Research regarding the behavioral outcomes of television advertising found that it is a significant factor in determining the specific items, including food items, children’s requests. Although it was recognized early on that advertising would generate most of the operating revenues for television programming, it wasn’t until the 1960s that advertisers began creating commercials targeted specifically toward children as a means of adding to their audience, and therefore consumer, base (Adler, 1980). Understanding that children do not have the same cognitive power as adults, more than 60 psychologists have voiced their concerns to the American Psychological Association (APA) regarding television advertisements to children, citing in their report several countries that have legislated restrictions for the advertising to children. These countries include Greece, Sweden, Norway, Finland, Denmark, and Canada. According to these studies, children eight years old and younger do not understand that advertisements serve a different purpose than other television programs. They completely believe what the television tells them so advertising to them is ‘like shooting fish in a barrel.’ Advertising to young children takes full advantage of their naiveté, a practice that, in any other context, is generally illegal and unquestionably immoral (Kunkel et al, 2004).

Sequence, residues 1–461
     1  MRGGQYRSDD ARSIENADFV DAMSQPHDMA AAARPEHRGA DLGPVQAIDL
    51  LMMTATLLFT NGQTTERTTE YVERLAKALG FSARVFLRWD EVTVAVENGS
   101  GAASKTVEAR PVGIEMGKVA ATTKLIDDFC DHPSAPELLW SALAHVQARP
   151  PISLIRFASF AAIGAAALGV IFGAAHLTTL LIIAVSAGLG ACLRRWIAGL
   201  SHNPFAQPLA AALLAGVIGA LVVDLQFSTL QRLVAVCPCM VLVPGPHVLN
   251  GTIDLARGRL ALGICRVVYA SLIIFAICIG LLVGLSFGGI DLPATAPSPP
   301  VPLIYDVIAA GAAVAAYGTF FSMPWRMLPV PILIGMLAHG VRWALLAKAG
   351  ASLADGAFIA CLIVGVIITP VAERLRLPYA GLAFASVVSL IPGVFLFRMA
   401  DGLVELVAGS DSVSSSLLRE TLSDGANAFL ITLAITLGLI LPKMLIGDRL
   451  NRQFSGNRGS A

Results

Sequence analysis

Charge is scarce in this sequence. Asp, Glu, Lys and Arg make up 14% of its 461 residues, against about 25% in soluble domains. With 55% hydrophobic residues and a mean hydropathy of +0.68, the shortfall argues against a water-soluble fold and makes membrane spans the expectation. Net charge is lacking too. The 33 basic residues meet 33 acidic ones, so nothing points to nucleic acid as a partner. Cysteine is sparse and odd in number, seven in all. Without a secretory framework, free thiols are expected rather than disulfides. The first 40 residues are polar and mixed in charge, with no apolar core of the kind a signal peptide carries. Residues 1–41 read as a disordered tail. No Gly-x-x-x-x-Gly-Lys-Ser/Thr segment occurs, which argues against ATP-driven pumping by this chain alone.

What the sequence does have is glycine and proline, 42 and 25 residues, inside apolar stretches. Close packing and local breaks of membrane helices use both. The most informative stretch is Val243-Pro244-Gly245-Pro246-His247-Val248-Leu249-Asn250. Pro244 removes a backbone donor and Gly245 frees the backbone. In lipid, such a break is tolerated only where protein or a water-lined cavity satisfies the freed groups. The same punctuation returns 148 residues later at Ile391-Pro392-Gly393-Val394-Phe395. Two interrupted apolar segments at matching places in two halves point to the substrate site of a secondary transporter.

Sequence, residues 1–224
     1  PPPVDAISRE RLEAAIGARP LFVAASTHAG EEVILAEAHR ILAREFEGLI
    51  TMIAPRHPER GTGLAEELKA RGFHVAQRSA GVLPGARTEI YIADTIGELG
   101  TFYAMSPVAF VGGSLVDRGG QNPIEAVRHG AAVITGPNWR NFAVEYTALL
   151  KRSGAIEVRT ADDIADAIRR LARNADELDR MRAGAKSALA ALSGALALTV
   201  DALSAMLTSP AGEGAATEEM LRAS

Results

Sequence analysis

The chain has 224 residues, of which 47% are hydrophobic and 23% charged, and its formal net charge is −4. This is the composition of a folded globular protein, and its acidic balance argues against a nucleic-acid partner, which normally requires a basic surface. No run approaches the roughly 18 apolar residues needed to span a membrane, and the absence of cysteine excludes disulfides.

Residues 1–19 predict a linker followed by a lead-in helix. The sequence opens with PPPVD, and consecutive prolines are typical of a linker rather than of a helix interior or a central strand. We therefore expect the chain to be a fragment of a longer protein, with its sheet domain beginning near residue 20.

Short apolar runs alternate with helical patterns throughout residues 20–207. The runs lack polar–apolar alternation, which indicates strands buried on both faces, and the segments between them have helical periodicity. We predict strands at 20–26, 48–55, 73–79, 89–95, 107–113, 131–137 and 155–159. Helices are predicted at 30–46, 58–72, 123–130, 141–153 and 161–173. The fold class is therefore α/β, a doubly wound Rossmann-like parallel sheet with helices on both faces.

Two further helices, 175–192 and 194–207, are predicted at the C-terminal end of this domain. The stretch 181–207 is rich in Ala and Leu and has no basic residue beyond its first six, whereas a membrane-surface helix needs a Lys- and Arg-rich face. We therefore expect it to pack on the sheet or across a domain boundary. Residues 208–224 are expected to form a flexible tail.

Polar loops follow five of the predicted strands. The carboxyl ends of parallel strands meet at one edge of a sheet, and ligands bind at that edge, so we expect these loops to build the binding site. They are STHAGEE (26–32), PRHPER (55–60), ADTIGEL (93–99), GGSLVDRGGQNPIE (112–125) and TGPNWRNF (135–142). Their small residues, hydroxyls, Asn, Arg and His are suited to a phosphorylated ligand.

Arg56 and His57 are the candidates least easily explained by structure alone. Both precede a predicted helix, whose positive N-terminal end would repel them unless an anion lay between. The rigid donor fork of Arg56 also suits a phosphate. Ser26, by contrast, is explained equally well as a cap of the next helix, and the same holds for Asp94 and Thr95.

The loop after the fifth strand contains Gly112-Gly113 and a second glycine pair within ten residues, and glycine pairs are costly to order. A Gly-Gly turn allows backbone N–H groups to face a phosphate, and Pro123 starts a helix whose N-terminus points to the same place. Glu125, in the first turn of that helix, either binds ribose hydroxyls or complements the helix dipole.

Television commercials promoting foods often misrepresent their products to impressionable children, as well as adults, regarding the product’s nutritional values, or lack of. “Health experts believe that the constant promotion of high-calorie food is .contributing to the epidemic of childhood obesity in the United States by encouraging preferences for junk food and contributing to poor eating habits” (Byrd-Bredbenner &. Grasso, 2000). . There remains a strong association between obesity, regardless of age, and the amount of time spent watching television. . .